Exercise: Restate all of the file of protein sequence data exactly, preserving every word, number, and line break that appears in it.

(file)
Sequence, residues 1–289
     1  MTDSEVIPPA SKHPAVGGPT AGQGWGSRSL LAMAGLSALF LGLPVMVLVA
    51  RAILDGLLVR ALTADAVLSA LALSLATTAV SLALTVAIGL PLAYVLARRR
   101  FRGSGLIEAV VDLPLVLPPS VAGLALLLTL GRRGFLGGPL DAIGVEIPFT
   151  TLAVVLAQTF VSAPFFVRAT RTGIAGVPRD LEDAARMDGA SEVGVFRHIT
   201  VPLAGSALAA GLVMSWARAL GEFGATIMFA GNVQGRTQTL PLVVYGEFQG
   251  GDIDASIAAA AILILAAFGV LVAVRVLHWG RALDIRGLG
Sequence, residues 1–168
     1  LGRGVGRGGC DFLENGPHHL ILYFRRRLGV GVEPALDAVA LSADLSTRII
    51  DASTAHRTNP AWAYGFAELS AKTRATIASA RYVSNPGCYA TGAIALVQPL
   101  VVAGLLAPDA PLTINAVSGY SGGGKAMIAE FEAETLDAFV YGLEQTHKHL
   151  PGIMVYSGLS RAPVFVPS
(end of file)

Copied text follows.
Sequence, residues 1–289
     1  MTDSEVIPPA SKHPAVGGPT AGQGWGSRSL LAMAGLSALF LGLPVMVLVA
    51  RAILDGLLVR ALTADAVLSA LALSLATTAV SLALTVAIGL PLAYVLARRR
   101  FRGSGLIEAV VDLPLVLPPS VAGLALLLTL GRRGFLGGPL DAIGVEIPFT
   151  TLAVVLAQTF VSAPFFVRAT RTGIAGVPRD LEDAARMDGA SEVGVFRHIT
   201  VPLAGSALAA GLVMSWARAL GEFGATIMFA GNVQGRTQTL PLVVYGEFQG
   251  GDIDASIAAA AILILAAFGV LVAVRVLHWG RALDIRGLG
Sequence, residues 1–168
     1  LGRGVGRGGC DFLENGPHHL ILYFRRRLGV GVEPALDAVA LSADLSTRII
    51  DASTAHRTNP AWAYGFAELS AKTRATIASA RYVSNPGCYA TGAIALVQPL
   101  VVAGLLAPDA PLTINAVSGY SGGGKAMIAE FEAETLDAFV YGLEQTHKHL
   151  PGIMVYSGLS RAPVFVPS